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QUESTION: Why is it that if I tie an apple to a thin piece of string and hold it in the air, the entire gravitational pull from the earth will not be strong enough to pull the apple to the ground, but yet the gravitational pull from the moon is strong enough to move the entire ocean?

ANSWER: The ocean is a lot heavier than an apple.  The Pacific alone has 660 million cubic kilometers of water, each of which has a mass of over a billion metric tons.  Gravitational force depends on mass.

---------- FOLLOW-UP ----------

QUESTION: Right, but the earth is a lot bigger than the moon. Do both objects have to be massive for gravity to have a strong effect? I was thinking "Earth big, apple small. Earth pull apple hard." v.s. "Moon small, ocean big. Why small moon pull big ocean?"

The moon is not small, and gravitation is a mutual force that depends on the mass of both objects.  The formula is F=G*m1*m2/r^2, where m1 and m2 are the masses of each object. The apple is still ridiculously small compared to the moon and the oceans.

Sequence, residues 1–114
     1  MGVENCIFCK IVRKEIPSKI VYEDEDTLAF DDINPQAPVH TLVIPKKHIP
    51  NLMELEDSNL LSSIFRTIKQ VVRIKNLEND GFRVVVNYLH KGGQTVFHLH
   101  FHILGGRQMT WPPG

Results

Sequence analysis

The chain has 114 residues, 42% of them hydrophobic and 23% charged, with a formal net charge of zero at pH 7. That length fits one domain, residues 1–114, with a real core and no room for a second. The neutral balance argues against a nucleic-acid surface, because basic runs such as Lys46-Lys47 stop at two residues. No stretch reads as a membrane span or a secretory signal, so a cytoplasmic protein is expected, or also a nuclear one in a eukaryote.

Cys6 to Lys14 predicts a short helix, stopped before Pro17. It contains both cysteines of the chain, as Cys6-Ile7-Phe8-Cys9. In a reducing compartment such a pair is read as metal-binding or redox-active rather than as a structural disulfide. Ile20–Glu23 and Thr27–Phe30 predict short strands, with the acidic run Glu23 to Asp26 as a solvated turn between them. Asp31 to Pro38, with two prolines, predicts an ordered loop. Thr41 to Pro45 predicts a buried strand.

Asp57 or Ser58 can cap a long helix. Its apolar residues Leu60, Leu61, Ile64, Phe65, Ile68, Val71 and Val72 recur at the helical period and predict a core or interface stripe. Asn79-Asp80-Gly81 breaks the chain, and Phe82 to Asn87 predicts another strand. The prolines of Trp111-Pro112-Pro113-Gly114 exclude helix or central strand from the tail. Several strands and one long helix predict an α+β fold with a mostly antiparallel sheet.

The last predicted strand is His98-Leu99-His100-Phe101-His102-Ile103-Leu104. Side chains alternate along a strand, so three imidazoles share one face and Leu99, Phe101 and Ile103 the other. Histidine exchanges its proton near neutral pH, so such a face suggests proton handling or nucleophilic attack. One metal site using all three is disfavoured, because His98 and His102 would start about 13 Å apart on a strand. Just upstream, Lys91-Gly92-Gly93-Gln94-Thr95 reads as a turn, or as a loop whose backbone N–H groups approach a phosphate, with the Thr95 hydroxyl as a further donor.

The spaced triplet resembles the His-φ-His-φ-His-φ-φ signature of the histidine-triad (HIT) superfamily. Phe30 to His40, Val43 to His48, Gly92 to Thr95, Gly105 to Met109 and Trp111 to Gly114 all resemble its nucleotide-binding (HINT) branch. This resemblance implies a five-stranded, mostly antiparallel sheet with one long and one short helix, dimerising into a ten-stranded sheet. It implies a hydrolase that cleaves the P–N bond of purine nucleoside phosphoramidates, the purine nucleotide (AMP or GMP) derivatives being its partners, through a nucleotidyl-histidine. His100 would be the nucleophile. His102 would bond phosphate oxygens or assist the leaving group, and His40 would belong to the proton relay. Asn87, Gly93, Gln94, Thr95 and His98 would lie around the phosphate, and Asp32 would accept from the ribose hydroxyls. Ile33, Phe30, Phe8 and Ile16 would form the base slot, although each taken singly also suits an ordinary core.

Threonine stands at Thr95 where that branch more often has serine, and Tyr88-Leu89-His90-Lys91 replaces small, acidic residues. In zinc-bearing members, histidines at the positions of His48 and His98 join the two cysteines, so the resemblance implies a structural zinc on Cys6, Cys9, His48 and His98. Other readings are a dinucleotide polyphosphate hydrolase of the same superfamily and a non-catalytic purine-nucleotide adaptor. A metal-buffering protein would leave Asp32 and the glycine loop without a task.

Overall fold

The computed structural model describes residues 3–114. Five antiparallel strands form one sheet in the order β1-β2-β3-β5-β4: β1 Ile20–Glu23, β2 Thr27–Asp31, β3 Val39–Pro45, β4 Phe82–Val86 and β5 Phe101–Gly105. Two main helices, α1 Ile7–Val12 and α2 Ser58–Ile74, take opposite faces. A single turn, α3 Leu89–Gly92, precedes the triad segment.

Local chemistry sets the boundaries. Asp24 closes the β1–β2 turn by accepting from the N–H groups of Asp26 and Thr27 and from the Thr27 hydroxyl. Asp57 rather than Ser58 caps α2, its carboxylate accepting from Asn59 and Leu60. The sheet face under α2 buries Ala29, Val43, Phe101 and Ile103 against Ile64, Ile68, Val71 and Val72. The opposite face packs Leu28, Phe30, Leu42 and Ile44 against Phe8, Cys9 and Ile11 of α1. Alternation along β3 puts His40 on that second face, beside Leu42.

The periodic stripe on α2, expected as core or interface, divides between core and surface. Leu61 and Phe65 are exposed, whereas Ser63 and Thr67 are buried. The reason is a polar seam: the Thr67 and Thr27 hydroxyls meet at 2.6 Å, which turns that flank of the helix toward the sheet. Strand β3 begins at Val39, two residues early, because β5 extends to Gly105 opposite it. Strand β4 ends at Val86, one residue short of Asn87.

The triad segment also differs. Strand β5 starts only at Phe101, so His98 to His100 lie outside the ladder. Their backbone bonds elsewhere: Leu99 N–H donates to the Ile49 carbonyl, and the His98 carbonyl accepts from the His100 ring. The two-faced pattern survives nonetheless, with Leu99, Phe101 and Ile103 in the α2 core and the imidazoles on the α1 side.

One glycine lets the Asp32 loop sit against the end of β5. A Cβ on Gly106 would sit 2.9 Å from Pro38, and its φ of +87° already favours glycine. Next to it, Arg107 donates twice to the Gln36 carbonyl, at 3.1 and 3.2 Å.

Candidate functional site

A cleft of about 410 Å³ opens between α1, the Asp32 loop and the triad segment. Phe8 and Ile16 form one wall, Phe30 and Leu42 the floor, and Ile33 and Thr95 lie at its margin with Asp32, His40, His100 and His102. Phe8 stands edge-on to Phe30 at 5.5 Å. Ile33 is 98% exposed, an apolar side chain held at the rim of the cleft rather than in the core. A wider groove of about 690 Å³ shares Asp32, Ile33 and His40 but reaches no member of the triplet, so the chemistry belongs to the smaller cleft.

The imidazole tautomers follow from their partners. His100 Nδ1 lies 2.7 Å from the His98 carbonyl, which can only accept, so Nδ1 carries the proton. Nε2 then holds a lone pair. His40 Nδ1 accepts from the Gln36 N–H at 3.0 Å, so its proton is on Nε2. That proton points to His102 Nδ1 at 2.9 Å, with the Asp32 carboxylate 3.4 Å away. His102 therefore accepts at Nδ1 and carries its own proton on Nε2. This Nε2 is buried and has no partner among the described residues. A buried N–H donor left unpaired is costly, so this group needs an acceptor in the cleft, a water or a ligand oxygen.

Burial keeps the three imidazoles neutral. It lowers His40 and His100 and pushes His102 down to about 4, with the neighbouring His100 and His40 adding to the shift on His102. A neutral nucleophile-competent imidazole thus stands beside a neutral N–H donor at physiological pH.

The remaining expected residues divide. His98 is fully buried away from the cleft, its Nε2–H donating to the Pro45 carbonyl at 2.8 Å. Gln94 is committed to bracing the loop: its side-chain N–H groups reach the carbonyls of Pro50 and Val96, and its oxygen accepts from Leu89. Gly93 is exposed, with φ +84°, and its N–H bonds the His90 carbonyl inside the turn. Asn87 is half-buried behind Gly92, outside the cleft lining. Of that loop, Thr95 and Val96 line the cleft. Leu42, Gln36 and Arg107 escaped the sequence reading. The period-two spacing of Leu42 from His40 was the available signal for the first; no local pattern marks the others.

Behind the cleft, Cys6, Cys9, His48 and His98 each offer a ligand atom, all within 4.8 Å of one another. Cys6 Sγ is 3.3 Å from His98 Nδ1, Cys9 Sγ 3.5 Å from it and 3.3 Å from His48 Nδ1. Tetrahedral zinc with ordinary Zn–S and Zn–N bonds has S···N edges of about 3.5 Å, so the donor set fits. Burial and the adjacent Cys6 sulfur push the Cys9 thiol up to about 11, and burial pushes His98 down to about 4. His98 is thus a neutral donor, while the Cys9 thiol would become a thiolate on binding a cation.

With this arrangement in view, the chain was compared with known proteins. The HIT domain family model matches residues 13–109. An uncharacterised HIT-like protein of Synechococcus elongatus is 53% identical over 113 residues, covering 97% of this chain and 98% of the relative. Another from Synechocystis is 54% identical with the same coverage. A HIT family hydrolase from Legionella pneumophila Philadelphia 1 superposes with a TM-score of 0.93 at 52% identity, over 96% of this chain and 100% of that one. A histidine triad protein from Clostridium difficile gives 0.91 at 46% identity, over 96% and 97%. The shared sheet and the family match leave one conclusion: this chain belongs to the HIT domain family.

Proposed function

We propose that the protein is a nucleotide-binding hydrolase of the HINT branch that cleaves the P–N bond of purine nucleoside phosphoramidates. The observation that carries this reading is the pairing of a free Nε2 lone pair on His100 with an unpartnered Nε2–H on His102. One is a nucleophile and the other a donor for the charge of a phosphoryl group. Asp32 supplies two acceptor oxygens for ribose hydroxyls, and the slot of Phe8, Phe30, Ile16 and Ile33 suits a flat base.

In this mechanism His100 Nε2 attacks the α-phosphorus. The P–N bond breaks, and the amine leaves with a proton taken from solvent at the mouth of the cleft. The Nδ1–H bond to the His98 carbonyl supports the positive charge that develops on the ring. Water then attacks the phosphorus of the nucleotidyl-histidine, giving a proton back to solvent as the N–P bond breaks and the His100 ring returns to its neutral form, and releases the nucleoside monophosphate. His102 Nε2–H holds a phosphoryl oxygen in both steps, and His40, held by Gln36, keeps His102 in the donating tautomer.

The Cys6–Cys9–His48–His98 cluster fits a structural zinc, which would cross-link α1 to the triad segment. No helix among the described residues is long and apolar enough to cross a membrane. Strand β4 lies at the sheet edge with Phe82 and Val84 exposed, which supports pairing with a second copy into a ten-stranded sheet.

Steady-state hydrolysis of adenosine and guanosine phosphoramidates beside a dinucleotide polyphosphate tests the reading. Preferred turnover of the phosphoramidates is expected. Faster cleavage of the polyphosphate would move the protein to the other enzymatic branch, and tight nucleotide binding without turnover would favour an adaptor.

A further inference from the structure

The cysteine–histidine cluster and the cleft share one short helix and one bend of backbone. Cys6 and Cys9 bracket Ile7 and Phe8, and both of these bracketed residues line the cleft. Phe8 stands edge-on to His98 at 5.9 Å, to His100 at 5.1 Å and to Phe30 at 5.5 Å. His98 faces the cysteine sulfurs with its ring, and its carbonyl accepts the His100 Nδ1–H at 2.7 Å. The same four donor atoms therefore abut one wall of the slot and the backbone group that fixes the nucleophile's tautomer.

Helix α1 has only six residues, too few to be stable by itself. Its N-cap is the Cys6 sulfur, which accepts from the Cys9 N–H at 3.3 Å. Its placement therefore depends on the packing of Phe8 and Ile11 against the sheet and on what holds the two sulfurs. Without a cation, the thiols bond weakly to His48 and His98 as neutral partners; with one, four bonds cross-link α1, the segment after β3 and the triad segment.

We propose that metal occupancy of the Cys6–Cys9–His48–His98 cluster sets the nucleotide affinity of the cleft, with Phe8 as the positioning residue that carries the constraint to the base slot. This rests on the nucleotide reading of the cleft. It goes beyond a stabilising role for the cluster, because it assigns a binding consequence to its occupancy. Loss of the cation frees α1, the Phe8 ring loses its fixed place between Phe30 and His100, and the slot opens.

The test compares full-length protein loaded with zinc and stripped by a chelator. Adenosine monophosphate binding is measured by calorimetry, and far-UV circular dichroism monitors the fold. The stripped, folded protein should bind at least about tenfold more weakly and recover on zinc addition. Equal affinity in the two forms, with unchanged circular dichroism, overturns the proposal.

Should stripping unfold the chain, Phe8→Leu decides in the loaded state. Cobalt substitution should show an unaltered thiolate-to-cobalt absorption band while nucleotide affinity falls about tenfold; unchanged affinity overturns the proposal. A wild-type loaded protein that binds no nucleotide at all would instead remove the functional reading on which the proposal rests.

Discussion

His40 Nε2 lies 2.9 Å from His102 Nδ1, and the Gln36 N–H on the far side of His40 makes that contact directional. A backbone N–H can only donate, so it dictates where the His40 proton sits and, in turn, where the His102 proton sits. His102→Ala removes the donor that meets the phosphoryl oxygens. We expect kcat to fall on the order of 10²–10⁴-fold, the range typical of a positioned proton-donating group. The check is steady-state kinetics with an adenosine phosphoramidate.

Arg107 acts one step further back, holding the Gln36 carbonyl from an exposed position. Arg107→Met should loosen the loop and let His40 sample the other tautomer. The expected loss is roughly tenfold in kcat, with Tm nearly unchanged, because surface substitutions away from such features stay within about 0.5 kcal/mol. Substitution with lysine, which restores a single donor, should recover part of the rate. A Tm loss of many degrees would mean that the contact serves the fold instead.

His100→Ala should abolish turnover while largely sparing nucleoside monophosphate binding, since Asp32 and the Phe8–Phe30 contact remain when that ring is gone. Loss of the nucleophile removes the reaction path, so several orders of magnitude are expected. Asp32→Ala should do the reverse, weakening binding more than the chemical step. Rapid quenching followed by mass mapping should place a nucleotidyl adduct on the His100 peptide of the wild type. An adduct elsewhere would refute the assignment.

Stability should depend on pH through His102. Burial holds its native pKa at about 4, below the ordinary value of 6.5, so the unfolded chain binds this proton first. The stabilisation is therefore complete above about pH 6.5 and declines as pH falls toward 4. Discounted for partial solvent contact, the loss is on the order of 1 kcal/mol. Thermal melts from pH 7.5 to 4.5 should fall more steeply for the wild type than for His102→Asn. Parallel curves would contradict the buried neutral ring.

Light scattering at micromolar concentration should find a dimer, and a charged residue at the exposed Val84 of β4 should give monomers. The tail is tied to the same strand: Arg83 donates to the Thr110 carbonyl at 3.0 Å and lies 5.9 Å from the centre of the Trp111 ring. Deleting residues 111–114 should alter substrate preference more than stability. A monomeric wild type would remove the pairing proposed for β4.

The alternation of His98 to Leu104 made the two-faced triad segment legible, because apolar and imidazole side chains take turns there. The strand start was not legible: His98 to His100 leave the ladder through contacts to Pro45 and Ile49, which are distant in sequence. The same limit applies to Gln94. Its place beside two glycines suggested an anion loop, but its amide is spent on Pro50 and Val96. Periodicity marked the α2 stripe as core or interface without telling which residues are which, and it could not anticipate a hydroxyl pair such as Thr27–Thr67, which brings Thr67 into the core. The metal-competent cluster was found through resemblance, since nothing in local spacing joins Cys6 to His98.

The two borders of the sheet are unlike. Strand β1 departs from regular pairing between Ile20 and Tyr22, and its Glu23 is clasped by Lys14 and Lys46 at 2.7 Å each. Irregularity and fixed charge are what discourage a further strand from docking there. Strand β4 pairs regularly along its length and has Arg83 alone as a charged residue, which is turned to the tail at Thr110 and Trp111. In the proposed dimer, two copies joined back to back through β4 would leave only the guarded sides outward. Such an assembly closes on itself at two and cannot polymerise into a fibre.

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Dr. Stephen O. Nelson


I can answer most basic physics questions, physics questions about science fiction and everyday observations of physics, etc. I'm also usually good for science fair advice (I'm the regional science fair director). I do not answer homework problems. I will occasionally point out where a homework solution went wrong, though. I'm usually good at explaining odd observations that seem counterintuitive, energy science, nuclear physics, nuclear astrophysics, and alternative theories of physics are my specialties.


I was a physics professor at the University of Texas of the Permian Basin, research in nuclear technology and nuclear astrophysics. My travelling science show saw over 20,000 students of all ages. I taught physics, nuclear chemistry, radiation safety, vacuum technology, and answer tons of questions as I tour schools encouraging students to consider careers in science. I moved on to a non-academic job with more research just recently.

Ph. D. from Duke University in physics, research in nuclear astrophysics reactions, gamma-ray astronomy technology, and advanced nuclear reactors.

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